Perhaps, allowing previously untapped minds to come to the fore. Certainly, Marie Curie and Stephen Hawkings have benefited humanity, and they wouldn’t have been able to if they had been born without the benefit of a least some social change…. What do you think?

Sociology, in general, is specifically interested in how things work. How the relationships of power are negotiate between and among groups. Obviously, a psych major would be better able to answer why and a philosophy major to discuss the morality of the situation but hey… I do what I can. One criticism often levied at this kind of thinking is to ask how we can apply the question to the so called "altruist." Is the altruist the result of some social process or just a psychological anomaly…What do you think

As for the "diss" of sociology. No offense taken. I have this friend, one of the smartest men you will ever meet. Just let him tell you about it! Hes a double PhD in some kind of quantum physics thingy and non-Euclidean mathematics. Apparently he is an expert on something only a few people in the world understand…or care about. His social skills a bit lacking though, as with many genus level minds. He once told me that I had a good mind, he was sad to see it spoiled by squishy science and too much liberal arts education. He considered it a compliment… In any case, he tried to explain math to me once. Said it was like music, he could see the math behind reality, the numbers in the world around him. Chopin in the movement of atoms, perfect pi in the eyes of a beautiful women. I didn’t get it, still don’t understand the connections he made. But i understand passion. I understand the drive to see the patterns, to understand how the world works.. i get that… for some people technology is about that passion, I think.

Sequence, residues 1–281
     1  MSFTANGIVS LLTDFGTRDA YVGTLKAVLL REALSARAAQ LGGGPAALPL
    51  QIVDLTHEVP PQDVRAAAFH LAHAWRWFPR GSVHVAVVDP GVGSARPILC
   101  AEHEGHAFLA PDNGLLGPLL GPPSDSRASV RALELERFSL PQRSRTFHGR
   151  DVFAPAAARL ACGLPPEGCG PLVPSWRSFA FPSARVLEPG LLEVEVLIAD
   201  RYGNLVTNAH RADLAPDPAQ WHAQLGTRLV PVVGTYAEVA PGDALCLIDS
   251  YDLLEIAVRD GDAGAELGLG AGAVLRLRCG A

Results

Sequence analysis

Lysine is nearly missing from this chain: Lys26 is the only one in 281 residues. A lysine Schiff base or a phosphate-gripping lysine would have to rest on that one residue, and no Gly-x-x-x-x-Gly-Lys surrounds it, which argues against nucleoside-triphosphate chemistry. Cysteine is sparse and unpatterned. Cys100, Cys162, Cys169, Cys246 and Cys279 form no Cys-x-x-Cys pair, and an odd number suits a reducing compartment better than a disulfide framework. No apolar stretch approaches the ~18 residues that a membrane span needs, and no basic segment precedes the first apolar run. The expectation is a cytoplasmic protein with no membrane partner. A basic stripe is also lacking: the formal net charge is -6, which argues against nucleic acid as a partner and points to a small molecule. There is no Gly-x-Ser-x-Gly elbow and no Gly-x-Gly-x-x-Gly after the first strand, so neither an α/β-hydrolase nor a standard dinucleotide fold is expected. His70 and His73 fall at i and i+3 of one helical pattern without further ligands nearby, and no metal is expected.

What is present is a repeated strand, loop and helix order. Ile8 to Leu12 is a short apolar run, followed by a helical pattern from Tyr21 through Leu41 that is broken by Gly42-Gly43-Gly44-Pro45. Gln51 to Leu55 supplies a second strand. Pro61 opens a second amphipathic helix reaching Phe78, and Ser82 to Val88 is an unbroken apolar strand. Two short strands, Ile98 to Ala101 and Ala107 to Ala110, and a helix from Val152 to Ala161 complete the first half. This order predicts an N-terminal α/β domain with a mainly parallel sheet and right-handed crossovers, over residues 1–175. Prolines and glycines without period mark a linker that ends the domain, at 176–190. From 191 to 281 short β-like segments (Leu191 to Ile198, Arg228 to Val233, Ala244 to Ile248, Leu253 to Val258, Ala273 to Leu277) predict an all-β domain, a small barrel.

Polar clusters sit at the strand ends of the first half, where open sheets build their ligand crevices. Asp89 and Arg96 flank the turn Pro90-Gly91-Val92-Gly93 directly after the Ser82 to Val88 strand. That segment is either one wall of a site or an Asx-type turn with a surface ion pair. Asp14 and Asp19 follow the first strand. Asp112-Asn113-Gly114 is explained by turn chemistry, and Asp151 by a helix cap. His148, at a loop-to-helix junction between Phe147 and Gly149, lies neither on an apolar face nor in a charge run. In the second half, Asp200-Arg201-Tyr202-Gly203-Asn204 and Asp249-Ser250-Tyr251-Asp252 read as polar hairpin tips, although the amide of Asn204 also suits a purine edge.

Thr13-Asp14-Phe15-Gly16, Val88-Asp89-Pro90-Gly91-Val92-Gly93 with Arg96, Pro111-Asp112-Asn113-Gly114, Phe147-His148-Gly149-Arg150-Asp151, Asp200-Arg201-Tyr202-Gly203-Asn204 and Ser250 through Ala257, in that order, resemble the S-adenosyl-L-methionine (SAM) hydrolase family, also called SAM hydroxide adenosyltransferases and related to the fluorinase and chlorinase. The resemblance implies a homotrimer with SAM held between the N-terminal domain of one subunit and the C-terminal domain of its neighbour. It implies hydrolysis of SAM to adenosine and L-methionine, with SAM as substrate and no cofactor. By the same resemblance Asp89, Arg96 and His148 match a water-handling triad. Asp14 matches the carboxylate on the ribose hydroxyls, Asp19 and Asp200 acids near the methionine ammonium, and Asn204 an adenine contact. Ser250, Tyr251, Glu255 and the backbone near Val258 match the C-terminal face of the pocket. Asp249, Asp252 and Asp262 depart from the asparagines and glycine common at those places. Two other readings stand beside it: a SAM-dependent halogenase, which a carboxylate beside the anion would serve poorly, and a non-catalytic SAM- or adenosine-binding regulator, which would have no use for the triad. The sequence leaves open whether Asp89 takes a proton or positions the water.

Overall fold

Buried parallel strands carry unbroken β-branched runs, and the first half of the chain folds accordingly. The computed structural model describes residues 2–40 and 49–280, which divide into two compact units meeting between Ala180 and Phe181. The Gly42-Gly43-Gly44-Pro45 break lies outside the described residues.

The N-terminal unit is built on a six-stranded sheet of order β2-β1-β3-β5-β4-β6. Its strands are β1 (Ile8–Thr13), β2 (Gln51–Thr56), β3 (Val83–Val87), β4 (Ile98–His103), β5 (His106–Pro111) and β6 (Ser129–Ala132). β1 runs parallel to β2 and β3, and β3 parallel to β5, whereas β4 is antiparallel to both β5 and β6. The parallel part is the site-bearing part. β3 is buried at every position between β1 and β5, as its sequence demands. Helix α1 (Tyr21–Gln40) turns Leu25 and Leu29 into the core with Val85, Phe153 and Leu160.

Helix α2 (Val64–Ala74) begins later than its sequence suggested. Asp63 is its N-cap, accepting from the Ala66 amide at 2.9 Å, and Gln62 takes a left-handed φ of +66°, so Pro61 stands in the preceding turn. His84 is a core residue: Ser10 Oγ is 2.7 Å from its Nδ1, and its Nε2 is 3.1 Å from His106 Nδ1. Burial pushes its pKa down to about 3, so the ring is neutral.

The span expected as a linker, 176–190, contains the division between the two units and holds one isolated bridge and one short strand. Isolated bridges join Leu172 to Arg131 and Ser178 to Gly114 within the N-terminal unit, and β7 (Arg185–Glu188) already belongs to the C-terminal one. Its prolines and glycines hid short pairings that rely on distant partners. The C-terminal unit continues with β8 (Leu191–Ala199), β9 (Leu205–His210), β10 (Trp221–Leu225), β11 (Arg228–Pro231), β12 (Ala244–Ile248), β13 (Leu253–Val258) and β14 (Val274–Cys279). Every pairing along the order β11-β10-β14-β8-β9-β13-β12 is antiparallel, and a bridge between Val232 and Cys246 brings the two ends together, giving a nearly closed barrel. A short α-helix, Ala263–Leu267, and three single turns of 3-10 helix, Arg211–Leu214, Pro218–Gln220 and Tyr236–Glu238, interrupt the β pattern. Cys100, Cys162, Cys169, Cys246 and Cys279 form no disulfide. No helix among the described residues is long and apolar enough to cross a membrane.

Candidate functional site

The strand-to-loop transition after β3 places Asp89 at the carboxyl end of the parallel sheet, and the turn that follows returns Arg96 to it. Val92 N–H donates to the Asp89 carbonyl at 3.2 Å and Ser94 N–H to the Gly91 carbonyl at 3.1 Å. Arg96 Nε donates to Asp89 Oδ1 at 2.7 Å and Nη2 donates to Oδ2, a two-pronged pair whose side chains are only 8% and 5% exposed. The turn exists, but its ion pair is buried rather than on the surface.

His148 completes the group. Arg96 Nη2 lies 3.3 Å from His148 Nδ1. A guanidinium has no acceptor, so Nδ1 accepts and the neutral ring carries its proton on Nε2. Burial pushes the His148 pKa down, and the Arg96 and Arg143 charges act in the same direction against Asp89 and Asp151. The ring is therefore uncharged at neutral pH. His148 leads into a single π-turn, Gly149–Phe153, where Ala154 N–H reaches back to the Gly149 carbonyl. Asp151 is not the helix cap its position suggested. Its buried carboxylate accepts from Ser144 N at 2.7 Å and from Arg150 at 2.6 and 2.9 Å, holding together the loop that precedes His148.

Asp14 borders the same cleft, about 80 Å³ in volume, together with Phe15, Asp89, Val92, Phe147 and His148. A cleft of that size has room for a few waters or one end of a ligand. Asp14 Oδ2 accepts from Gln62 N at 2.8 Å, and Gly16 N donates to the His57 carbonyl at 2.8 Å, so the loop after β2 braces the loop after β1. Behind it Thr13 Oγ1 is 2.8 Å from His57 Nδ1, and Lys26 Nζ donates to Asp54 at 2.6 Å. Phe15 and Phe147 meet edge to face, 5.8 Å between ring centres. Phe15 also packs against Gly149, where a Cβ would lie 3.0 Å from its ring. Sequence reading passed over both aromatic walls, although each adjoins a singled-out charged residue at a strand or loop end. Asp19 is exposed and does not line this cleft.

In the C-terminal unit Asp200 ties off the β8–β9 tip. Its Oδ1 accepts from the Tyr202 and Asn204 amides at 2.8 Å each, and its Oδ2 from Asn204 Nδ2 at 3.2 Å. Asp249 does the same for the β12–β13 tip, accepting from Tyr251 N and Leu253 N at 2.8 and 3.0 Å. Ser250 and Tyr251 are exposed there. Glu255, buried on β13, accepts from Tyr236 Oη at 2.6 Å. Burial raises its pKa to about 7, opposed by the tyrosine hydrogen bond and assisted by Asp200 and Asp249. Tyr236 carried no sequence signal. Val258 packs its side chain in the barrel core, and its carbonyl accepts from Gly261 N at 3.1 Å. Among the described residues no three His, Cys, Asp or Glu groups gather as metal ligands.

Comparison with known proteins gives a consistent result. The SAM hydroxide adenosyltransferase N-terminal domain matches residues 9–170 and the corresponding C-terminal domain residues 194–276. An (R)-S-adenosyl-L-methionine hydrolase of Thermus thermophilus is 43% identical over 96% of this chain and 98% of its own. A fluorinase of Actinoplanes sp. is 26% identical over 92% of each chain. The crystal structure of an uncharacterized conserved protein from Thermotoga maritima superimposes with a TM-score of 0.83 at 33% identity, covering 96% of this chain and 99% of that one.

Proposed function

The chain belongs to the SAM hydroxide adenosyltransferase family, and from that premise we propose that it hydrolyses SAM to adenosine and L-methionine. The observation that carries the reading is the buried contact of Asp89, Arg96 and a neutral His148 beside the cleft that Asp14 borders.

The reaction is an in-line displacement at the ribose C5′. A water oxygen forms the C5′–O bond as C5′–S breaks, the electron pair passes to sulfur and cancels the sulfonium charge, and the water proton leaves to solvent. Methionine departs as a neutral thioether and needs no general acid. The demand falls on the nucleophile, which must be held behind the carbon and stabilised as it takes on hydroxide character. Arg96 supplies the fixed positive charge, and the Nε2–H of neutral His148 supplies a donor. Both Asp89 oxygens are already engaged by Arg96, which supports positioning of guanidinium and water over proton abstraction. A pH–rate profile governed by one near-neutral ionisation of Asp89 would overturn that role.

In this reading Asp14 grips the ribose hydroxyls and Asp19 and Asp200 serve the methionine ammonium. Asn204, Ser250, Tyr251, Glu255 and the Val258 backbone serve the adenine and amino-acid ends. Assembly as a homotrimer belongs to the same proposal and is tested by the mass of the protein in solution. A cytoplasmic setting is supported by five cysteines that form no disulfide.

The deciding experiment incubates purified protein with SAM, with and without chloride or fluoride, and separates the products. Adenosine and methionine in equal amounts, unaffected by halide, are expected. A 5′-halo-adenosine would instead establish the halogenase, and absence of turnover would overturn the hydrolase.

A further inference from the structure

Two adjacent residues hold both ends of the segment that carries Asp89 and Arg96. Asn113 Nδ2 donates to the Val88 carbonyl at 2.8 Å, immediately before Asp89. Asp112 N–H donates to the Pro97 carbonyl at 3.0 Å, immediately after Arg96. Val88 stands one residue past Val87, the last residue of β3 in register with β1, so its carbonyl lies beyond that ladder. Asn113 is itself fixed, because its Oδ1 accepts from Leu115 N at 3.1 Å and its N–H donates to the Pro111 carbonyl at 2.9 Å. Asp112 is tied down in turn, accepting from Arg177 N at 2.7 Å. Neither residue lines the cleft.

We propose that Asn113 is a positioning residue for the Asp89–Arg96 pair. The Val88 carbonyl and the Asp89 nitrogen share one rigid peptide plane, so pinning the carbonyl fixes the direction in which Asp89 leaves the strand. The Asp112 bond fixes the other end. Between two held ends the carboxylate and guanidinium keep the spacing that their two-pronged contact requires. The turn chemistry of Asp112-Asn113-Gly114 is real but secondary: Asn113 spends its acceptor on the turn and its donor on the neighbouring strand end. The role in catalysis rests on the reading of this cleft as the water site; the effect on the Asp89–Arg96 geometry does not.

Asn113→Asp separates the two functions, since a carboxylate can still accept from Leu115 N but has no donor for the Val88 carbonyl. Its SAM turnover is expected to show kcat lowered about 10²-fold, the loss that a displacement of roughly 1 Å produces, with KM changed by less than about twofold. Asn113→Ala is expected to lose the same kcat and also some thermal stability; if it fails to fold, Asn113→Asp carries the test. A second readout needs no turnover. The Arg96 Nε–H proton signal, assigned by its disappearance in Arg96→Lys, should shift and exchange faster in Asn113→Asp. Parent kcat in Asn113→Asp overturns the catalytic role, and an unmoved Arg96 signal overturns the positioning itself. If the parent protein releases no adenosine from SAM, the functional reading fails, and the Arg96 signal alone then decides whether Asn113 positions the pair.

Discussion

I do actually sometimes miss Dell. If for no other reason that the sense of of being able to help, practically and immediately. (not to mention the money was better than being a grad student) What I do is often so much in the abstract, Ivory Tower if you will, that its frustrating. I am doing research now on the relationship between identity and technology. I am learning alot from people who live and breath in cyberspace. I appreciate the importance of computers and the Internet to some communities and individuals in a way I never did before. It makes what I did at Dell something different than how I viewed it then.

Well, I am pretty off topic in this email. In my defense…I think I have the flu. Feel free to comment on something I said or ignore me altogether!

Take care,

Alecea

— Scott Royall <royall@conchbbs.com> wrote:

> Here I sit waiting for Microsoft to get Live.com back up so I can post

> stuff on the blog. I might as well answer you.

>

> I think the phrase "nature vs. nurture" assumes that those factors

> work together generally, and I don’t buy that. To me, nature and

> nurture are usually in conflict. Most men probably feel deep down

> inside that the Barbarians had it right. Romance be damned! Rape,

> pillage, loot. Yeah, that’s the ticket! The only problem is, all that

> raping makes for lots of babies, and those babies are our genes so we

> can’t just bash in their little heads. No, damnit, there’s nothing

> else for it. We gotta raise the buggers, and that means having a

> stable life. Let’s try this thing they call a "society." I think you

> get the idea. 😉

>

> It’s my thesis that instinct and society are in tension. Yes, we do